Earlier this year, I learned that the beautiful Barbara Eden would be a guest at the Gold Coast Supanova. I was over the moon and decided that it was high time I made my I Dream of Jeannie costume. I had most of the fabric sitting my stash just waiting for the day when I would make it up.
First up the skirt. I drafted up a simple 10 gored skirt pattern using a wonderful formula that I was taught back in my days of TAFE (see link). However instead of making the skirt fitted at the waist, I added in ½ my waist measure for some extra fullness. I wanted the skirt to float and the original seems to sit gathered under the attached yoke.
The skirt is made of alternating panels of dark and light green chiffon. I went with synthetic as most of you will know, attending conventions can be hell on the costumes and it is much cheaper. Each panel is sewn to the next with a zig-zag seam finishing on the inside. I then machine hemmed it. In hindsight, I would have used the rolled hem function on my overlocker to do the hem, however at the time, I didn’t even know my machine could do a rolled hem * forehead desk *. The yoke section of the skirt is a separate piece. I can’t say that I used any particular pattern. I just took my measurements and drafted up what I wanted. The front is cut on the fold, the back with a seam (for zip insertion) and some curved side seams so that it sits over my hips neatly. A couple of mock-ups later and I had my pattern pieces. The piece is made separate with trim machine applied, while the skirts are sewn to a separate curved waistband and whipstitched to the lining layer of the yoke. It allows me to easily remove the pieces and adjust size.
The only change that I will be making to the costume is to make a petticoat layer out of my leftover chiffon. I didn’t realise the skirts were so sheer and even though I was wearing dance tights underneath, still felt a little too revealing for my taste.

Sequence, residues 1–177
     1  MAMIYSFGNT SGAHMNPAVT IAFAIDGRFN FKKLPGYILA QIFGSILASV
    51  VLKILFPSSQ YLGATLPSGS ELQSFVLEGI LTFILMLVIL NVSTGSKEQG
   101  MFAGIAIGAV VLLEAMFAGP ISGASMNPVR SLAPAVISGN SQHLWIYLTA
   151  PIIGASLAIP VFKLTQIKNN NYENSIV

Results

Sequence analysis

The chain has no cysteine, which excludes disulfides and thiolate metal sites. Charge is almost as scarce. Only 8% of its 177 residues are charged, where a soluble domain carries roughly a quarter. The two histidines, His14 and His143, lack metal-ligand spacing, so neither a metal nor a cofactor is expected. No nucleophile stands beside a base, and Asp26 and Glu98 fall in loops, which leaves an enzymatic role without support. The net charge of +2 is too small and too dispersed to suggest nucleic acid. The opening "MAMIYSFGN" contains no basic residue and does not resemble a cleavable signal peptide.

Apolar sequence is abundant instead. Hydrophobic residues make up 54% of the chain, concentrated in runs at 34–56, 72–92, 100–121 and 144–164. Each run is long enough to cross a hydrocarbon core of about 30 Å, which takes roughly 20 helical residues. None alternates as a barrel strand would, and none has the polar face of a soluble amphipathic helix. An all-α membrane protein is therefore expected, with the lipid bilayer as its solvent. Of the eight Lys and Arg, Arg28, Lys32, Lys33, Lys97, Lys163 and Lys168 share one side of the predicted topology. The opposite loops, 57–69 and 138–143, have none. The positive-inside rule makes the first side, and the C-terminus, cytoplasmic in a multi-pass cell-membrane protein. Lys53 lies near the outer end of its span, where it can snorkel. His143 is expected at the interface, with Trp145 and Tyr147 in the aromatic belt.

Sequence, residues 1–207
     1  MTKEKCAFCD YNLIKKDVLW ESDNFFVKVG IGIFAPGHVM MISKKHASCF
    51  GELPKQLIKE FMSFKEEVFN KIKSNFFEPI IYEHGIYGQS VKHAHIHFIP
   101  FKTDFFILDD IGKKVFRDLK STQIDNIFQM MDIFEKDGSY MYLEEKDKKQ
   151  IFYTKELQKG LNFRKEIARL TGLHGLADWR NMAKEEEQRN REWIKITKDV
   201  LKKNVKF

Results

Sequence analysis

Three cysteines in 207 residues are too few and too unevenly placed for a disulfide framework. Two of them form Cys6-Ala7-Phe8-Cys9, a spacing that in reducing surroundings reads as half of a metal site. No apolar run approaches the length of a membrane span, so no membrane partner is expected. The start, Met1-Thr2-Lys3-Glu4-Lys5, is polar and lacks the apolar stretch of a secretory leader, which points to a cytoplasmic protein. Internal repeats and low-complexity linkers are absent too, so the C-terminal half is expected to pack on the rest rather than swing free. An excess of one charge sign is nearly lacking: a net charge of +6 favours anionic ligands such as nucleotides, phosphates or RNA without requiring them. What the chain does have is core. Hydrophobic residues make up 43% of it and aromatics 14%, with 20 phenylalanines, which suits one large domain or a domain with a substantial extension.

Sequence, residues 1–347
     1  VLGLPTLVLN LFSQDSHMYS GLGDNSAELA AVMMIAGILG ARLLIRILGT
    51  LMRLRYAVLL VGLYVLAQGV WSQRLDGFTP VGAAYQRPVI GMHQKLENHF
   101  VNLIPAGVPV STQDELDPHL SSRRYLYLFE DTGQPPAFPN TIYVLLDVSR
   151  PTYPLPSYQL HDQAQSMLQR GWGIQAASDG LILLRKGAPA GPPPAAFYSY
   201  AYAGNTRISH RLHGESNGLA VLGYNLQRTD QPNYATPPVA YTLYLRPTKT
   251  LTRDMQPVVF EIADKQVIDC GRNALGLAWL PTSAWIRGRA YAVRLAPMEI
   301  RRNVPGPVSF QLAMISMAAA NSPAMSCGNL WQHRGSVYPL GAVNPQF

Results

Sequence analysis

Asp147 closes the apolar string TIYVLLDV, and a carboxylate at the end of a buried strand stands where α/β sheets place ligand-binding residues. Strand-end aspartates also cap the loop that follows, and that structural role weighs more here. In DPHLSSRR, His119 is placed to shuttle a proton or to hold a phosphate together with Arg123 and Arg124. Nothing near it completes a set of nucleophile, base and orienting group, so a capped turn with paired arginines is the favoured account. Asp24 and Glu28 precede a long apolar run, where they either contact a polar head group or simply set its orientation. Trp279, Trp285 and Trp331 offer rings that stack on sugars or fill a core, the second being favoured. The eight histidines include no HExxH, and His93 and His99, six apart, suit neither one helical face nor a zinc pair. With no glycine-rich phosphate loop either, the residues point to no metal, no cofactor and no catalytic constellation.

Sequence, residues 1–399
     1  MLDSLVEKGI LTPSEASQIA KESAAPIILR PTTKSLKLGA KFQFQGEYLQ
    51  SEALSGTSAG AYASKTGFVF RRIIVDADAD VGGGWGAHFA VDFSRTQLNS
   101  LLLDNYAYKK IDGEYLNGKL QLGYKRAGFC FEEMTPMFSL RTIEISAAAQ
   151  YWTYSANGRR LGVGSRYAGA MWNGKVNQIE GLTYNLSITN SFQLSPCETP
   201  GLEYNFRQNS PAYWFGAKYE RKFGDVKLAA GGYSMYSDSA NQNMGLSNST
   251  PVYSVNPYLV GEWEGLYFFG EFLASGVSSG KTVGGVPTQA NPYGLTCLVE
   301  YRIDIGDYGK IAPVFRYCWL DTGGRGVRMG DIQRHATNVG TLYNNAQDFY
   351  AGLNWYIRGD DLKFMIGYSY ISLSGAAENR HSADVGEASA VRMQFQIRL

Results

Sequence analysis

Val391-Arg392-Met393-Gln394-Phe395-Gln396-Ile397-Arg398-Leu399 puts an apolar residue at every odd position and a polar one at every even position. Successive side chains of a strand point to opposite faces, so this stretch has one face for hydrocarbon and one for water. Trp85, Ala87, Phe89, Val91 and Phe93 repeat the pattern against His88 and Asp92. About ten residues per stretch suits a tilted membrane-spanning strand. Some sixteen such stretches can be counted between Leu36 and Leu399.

Then came the bolero. I searched through my commercial patterns and found a couple that seemed to have the right sort of design and seam placement. The main change I had to make to the pattern was to add short capped sleeves that curve and to curve the front of the bodice so that it would skim the front of me without meeting. Again, it is made with velveteen and lined in cotton. I tried to keep the bodice all cotton so that it would breathe a little better in the summer heat of Queensland. It’s fully lined so I don’t have to deal with the fluff that velveteen produces. To finish it off, I stitched on the trim and a couple of my purchased tassels.
I then decided to work on the hat and wig. I’ve done a lot of work with wigs in the past, so wasn’t too worried about putting it together. Likewise, the hat didn’t scare me as I have done my dash with millinery on all my historical costumes. What worried me, was putting the two together. I decided to make two pieces that pin together. The hat and the wig. The hat pattern I self-drafted on a bit of A4 paper. Putting the pieces together until I got the right shape and height. I then made my buckram and wire frame which is whipped together. I added a mull layer of some wool I had left over from another project, and then my layer of velveteen. I then added elastic tabs – the purpose being to pin into the wig. I decided to finish the inner edge of the hat with a piece cotton twill tape – to encase the raw edges of the evil fluff of the velveteen. The next step was the trimmings. I started with the rows of trim and tassels. I then cut up two of the wigs I bought for the project and created two plaited sections, these were then stitched onto the bottom of the hat. If I was doing this again, I would try and buy one really long wig piece to plait. It was a nightmare to get the two plaits merging well so that a distinct line wasn’t visible. My reason for using two shorter wigs – they were $8 each.
The final part of the costume was to dye my shoes and create my jewellery. When I was buying my shoes online I could only find ones in a perfect style and fabric in a teal blue. If I wanted the correct colour, the style was wrong. So, I decided to try my hand at dye. I purchase a green idye packet, dissolved it in some hot water and sponged on the colour to the shoes. It worked quite well, darkening them to somewhere in the vicinity of the colour I needed.
For my jewellery, I trawled around all the costume jewellery shops in my local area. Lovisa proved the best for my collection. One of my necklaces I had to create by pulling apart two purchased ones but it worked out well in the end. My biggest lesson here, is do NOT tell the shop assistant why you are buying so much jewellery. They just don’t understand.